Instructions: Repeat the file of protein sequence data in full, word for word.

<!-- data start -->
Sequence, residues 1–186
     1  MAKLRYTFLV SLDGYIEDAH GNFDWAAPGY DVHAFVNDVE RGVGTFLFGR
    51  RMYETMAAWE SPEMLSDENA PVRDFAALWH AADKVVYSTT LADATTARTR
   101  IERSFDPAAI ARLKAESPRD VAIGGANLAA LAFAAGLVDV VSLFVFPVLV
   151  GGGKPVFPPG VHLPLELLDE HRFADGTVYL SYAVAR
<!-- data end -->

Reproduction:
Sequence, residues 1–186
     1  MAKLRYTFLV SLDGYIEDAH GNFDWAAPGY DVHAFVNDVE RGVGTFLFGR
    51  RMYETMAAWE SPEMLSDENA PVRDFAALWH AADKVVYSTT LADATTARTR
   101  IERSFDPAAI ARLKAESPRD VAIGGANLAA LAFAAGLVDV VSLFVFPVLV
   151  GGGKPVFPPG VHLPLELLDE HRFADGTVYL SYAVAR